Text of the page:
Aspirants for various seats in Luo Nyanza who vied on The National Alliance (TNA) ticket and supported President Uhuru Kenyatta were sidelined and sidestepped. This allegation was made by Charles Odhiambo Amenya here on May 17. Mr Amenya who contested for the Karachuonyo parliamentary seat claimed that those who vied for election on TNA tickets like him in Nyanza were discriminated against. Unlike aspirants in other parts of the country, Amenya alleged, candidates from this region were never given any campaign cash despite having paid the “heavy nomination fees”. The candidates had been asked to send details of their account and identification numbers, full names and positions that they were vying for to “4878” but were never sent the funds, he said. What’s the truth about these allegations, TNA?

Of Super Eagles,  deflated egos

During the recent Harambee Stars match against Nigeria’s Super Eagles, football fanatic Motari David was sanguine, and even boasted, that our boys would finally turn the tables on the Eagles. This, of course, did not happen and Motari and other fans who had sky-high hopes, were greatly demoralised. He now appears to have given up not only  on Harambee Stars but also on Kenyan football.

“With all due respect to our national team, why not just give up football altogether and direct our energies and resources where we have a comparative advantage; athletics, rugby or even javelin,” he advises.

Right of Reply
How naughty children, school heads punish helpless parents

It is true that school managements are unfair to parents (refer to yesterday’s PointBlank). Principals of secondary schools expel student but no fee refund is given to parents even if the child was in school for only two days or a month after opening. What happens to the fees, yet the student is no longer in school? This happened to me in Ikawa secondary in Meru and Abothugushi secondary and Kirige secondary school all in Meru.

I transferred my son to Ikawa but after two days, he felt that he didn’t like being in a mixed school. I talked to the principal about the refund but he said no refund would be given. The boy went to Abothugushi where he was expelled after a month. Still no refund. My other son was at Kirige and was also expelled after one month in school. After the school reopened, no refund was given as well.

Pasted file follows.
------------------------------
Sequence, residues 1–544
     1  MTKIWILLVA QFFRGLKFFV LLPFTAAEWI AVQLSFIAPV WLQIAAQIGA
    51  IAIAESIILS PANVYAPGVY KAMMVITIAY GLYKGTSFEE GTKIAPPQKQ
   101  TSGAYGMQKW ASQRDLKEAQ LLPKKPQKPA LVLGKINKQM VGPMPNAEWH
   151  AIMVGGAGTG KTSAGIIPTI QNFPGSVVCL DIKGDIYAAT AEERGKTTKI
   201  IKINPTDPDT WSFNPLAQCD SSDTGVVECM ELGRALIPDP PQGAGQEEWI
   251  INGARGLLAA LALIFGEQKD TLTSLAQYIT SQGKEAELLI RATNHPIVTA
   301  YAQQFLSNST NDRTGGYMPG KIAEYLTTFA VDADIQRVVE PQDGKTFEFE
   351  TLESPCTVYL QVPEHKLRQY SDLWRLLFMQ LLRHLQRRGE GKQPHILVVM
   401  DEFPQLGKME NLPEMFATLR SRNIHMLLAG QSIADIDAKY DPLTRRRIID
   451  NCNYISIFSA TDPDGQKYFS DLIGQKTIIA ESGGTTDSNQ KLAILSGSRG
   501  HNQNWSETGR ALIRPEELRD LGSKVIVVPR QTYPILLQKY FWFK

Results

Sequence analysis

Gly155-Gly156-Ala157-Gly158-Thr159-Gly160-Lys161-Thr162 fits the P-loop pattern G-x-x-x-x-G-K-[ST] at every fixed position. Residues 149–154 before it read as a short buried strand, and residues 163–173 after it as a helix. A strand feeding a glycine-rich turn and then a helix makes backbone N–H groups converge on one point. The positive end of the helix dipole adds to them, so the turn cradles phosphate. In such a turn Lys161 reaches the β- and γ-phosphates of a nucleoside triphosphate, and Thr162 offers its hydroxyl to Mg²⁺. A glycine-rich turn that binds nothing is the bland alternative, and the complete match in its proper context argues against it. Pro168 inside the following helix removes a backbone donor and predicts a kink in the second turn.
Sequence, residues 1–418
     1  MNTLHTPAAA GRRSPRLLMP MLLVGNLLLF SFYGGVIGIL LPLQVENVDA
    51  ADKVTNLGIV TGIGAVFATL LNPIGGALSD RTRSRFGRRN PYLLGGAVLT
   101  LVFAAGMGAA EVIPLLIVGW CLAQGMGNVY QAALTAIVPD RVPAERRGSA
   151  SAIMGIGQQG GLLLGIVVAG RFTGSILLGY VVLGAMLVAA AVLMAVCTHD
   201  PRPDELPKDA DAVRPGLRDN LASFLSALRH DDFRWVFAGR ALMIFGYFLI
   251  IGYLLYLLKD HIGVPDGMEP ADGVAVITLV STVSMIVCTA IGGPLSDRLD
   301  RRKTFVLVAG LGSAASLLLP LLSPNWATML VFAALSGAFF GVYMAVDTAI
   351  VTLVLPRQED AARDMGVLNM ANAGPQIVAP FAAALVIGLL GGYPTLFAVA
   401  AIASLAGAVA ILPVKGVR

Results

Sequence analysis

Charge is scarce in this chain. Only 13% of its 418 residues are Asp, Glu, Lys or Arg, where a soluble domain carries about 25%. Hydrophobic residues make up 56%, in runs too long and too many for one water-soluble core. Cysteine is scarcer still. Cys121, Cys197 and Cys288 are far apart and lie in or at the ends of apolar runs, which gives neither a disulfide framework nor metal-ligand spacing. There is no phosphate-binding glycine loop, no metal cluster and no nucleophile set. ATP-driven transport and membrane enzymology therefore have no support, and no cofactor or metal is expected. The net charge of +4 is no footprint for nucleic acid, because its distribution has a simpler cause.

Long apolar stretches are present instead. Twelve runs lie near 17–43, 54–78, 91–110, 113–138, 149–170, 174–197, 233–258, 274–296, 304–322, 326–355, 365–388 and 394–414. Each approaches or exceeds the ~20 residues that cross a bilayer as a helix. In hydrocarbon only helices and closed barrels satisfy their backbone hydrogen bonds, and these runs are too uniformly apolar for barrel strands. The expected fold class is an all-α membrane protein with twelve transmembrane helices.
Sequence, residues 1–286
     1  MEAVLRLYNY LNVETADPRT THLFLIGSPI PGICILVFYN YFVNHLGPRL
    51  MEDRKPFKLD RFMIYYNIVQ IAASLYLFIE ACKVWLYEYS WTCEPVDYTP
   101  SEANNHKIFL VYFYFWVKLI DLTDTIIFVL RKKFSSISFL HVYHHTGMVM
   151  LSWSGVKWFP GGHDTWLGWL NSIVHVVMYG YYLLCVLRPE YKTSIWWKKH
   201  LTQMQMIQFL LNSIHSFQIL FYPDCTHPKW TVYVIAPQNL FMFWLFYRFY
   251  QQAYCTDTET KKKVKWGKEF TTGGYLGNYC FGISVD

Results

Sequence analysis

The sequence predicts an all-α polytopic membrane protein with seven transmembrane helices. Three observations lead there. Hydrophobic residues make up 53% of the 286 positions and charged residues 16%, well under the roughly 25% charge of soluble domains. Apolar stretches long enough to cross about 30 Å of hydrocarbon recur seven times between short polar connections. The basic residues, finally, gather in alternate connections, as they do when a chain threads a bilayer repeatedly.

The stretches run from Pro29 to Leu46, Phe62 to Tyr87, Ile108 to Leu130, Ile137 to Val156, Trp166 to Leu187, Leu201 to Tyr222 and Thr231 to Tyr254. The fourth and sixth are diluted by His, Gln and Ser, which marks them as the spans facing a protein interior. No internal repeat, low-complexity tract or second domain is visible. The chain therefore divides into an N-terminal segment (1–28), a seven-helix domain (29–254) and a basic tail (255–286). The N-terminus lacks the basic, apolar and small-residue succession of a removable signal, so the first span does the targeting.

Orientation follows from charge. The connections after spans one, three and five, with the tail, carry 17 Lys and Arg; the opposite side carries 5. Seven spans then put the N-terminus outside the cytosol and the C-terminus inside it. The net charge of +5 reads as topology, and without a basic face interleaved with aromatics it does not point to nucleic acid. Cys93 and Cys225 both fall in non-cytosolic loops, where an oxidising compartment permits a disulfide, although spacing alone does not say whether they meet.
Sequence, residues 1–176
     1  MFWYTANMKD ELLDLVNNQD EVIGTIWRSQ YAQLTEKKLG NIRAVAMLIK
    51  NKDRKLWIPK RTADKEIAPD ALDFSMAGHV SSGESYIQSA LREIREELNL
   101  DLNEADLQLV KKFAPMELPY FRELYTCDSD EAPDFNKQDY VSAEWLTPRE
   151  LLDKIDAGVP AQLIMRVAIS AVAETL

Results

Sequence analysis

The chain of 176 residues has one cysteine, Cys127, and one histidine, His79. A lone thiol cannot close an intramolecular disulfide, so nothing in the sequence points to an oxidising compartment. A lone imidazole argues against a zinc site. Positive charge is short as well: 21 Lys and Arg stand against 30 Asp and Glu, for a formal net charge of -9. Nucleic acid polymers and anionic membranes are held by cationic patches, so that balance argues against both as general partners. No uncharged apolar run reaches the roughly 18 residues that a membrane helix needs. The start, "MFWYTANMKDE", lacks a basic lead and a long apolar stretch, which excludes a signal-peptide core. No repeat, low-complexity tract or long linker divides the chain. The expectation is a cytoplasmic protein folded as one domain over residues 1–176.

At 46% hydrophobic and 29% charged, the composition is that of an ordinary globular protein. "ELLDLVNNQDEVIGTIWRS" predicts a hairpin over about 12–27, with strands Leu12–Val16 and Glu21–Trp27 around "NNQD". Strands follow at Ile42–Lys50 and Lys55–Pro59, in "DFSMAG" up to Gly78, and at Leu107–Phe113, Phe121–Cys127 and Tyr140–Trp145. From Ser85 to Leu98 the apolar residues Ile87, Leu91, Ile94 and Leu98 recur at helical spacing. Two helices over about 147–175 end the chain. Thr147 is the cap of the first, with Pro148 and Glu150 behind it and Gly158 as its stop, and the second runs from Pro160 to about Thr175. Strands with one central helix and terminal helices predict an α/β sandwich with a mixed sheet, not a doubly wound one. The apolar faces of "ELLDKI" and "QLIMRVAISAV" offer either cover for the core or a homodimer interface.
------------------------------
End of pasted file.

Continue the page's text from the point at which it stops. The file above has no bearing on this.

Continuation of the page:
Children have become naughty and the schools must deal with them.

But Prof Jacob Kaimenyi,  Cabinet Secretary, Education,  what happens to the school fees that the child has hardly used since according to these principals its non-refundable?

We, parents, are suffering financially under these circumstances since schools no longer accept students without full school fees. After payment,  they misbehave and they are sent home and we have to find another school for them.

I have paid Sh38,000 to these  schools and have not been given any refund. My boys are at home and I have no money to send  them to another school.

Since I had paid full amount of fees to both schools this term,   and I had paid full fees to Ikawa last term, please advise me and other parents who might be in the same situation.

Mary Wanjiru,

[email protected]


Caning is still rampant despite being banned. I am a former parent of Mudasa Academy in Majengo in Vihiga County. I would like to bring to the attention of the Ministry of Education the sad fact that this punishment is so rampant in the school that many parents have withdrawn their children.

I was forced to remove my child from the school after it became apparent that caning was the order of the day and my child had become totally withdrawn. The ministry should probe what is going on in the school and take action.